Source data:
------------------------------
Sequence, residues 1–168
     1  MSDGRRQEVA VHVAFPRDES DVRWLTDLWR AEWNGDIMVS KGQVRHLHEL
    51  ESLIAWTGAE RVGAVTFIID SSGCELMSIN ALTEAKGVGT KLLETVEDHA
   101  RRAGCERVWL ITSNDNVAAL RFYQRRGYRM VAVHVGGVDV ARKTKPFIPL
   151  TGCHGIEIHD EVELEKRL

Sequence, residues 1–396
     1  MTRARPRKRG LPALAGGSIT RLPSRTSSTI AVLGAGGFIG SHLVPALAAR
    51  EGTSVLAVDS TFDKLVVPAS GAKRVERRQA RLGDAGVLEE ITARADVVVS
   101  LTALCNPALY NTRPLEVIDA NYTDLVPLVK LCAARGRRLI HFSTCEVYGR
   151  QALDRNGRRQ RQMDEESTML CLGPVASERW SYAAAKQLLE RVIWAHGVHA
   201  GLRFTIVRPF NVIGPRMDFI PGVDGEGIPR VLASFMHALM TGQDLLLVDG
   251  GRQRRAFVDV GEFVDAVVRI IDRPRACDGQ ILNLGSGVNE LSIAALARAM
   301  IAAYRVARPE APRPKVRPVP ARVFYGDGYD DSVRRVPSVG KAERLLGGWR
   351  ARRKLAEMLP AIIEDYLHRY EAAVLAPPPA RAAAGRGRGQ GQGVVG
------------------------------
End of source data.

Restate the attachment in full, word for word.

Sequence, residues 1–168
     1  MSDGRRQEVA VHVAFPRDES DVRWLTDLWR AEWNGDIMVS KGQVRHLHEL
    51  ESLIAWTGAE RVGAVTFIID SSGCELMSIN ALTEAKGVGT KLLETVEDHA
   101  RRAGCERVWL ITSNDNVAAL RFYQRRGYRM VAVHVGGVDV ARKTKPFIPL
   151  TGCHGIEIHD EVELEKRL

Sequence, residues 1–396
     1  MTRARPRKRG LPALAGGSIT RLPSRTSSTI AVLGAGGFIG SHLVPALAAR
    51  EGTSVLAVDS TFDKLVVPAS GAKRVERRQA RLGDAGVLEE ITARADVVVS
   101  LTALCNPALY NTRPLEVIDA NYTDLVPLVK LCAARGRRLI HFSTCEVYGR
   151  QALDRNGRRQ RQMDEESTML CLGPVASERW SYAAAKQLLE RVIWAHGVHA
   201  GLRFTIVRPF NVIGPRMDFI PGVDGEGIPR VLASFMHALM TGQDLLLVDG
   251  GRQRRAFVDV GEFVDAVVRI IDRPRACDGQ ILNLGSGVNE LSIAALARAM
   301  IAAYRVARPE APRPKVRPVP ARVFYGDGYD DSVRRVPSVG KAERLLGGWR
   351  ARRKLAEMLP AIIEDYLHRY EAAVLAPPPA RAAAGRGRGQ GQGVVG